Architecture of Analogy

A Model School: Aldo Rossi’s School at Fagnano Olona

Posted in Discourse, PhD by Cameron McEwan on May 3, 2012

The recently established Foundation for Architecture & Education is an independent forum for the exchange of ideas about architecture and founded by Samuel Penn and Penny Lewis, who tell us, “Architects work within a rich canon. Defining the position of contemporary work in relation to the vast body of work that has gone before it is important.” The Foundation for Architecture & Education organises events, produce publications and coordinate a post-graduate course in architectural studies. The premise of which is to provide a framework in which each participant can develop their understanding of the discipline through the study of built work. The year long course is split into three parts: Model, which involves the study of a building that exemplifies a particular idea about architecture; Axiom, which demands that participants develop a clear position on their own practice in the context of a broader appreciation of shared concerns for architecture; and Locus, which offers the opportunity to design a building in a specific location. The building chosen to study in Model provides the building type to design in Locus. Each year, a new question is asked, which will be returned to in all of the work undertaken. This year is the question of size: what size should a building be?

This post is about term one Model, which concludes with an Open Review this Saturday 5th of May after a talk and presentation by architect Raphael Zuber and Christoph Gantenbein on Friday night. The building selected to study is Aldo Rossi’s school at Fagnano Olona, a small town, 40 km northwest of Milan. Designed in 1972, Rossi had built only the Segrate town square in 1965 and the Gallaratese housing block in 1970, completing the school at Fagnano Olona in 1976. Thus, it is considered one of Rossi’s early works.

Rossi A (1972-76) Fagnano Olona Elementary School [Photograph: McEwan C 2011]

The selection of this building is: first, Rossi is regarded as a significant architect and Fagnano Olona school is recognised as significant in the development of Rossi’s built and theoretical work. Second, when published, it is often illustrated in plan only and as with all of Rossi’s projects, is accompanied by beautiful sketch studies and photographs. However, the site context and sectional drawings are almost always missing. Third, the building type is sufficiently complex to use as a base for term three, Locus. Finally, and from a personal point of view, Rossi forms the foundation of my PhD, and as readers of this blog will know, there was really no other choice…

Fagnano Olona school is defined by its courtyard plan-form and axially-arranged accommodation. The elevation is punctured with large square openings set in line with the internal wall thus articulating the shadow that falls on the external surface. One enters underneath a large clock, and with the adjacent conical brick chimney (containing the plant), it is like walking into a painting by de Chirico or Sironi. When I visited (see this post), it was the Summer holiday so the school was empty and the association of de Chirico was perhaps intensified by this. The chimney marks the entrance and primary axis of the school, which is organised northeast to southwest between an assembly hall and a linear pergola. Within the courtyard, wide steps lead to the double height gymnasium on the northeast, from which one can look toward the cylindrical library with its glazed roof. Double-corridor wings surround the courtyard and contain twenty-two classrooms (over two floors), staff facilities and a dining hall.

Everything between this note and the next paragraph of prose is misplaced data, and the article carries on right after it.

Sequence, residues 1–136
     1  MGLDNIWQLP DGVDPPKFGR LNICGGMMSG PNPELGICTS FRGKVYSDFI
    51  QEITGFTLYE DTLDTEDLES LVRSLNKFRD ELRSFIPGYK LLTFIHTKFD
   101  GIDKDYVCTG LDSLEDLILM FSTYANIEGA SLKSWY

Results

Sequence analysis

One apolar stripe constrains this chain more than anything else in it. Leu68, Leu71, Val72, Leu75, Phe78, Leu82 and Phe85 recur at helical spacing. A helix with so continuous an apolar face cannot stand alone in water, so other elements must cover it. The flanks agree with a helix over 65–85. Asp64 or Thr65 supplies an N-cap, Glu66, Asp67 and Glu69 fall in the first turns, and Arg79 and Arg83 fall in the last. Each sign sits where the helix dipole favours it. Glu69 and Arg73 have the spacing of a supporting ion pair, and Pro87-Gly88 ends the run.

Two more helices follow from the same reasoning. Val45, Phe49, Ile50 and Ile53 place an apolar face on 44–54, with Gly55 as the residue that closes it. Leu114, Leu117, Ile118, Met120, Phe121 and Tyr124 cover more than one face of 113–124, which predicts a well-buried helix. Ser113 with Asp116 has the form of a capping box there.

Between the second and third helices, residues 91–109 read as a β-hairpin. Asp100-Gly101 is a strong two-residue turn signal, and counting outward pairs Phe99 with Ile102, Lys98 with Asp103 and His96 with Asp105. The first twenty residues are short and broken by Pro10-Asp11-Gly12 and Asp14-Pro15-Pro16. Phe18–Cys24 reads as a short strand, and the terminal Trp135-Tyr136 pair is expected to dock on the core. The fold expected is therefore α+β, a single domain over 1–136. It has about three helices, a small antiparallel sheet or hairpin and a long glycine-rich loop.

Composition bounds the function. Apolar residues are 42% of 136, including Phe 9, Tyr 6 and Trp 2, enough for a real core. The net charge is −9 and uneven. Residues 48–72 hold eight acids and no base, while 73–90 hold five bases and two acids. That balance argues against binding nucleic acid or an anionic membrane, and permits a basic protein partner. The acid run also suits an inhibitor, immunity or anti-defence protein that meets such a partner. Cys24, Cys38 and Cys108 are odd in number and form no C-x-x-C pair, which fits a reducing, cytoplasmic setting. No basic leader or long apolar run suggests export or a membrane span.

Rossi A (1972-76) Fagnano Olona Elementary School [Re-drawn by McEwan C 2012]

It is interesting to note a recent AR. The February 2012 issue has a short section on schools, in which Christian Kuhn offers four attributes for the building type: flexibility, clustering, common core, and connectivity. We can analyse Fagnano Olona via these attributes.

Kuhn’s attribute clustering, is the division of the school into a hierarchy of smaller clusters. We can see this at Fagnano Olona in the blocks that extend outward from the central courtyard. The longer ones contain four classrooms with a corridor that is 2.5m, and repeat over two floors. The shorter ones contain three classrooms and a room off the corridor (the courtyard end), used as an informal teaching/learning space. These cluster blocks are a single storey with a 2m corridor. The blocks frame an external space with trees and grass.

Flexibility is about the granularity of room sizes and not necessarily about open-plan layout. At Fagnano Olona, the classrooms are repeated units, arranged within the four linear blocks. The other two block contain staff rooms and the dining hall. There is variation in this. At the end of each block the final classroom extends to the width of the corridor. A further subtle variation exists in the northwest end classrooms because the corridor is widened to 2.5m, from the 2m width of the southeast block. Thus, there are three classroom forms, although a fourth informal one exists as the teaching/learning space, which is roughly half the size of the small classrooms and constitutes both circulation space and space for learning.

At Fagnano Olona the common core is the central courtyard with steps. A playground, assembley space, town square and theatre. But also the informal teaching/learning spaces act quite readily as an indoor meeting place.

The final attribute that Kuhn offers is connectivity: the school as a node in a wider network of learning. He cites other learning institutions including secondary/primary school, nursery, and library at the local level; with ICT connections at the global level. At Fagnano Olona, the school includes a library, the circular element in plan, which is also part of the courtyard and adjacent to the entrance. One imagines this space to be used by the community as, for example an exhibition space.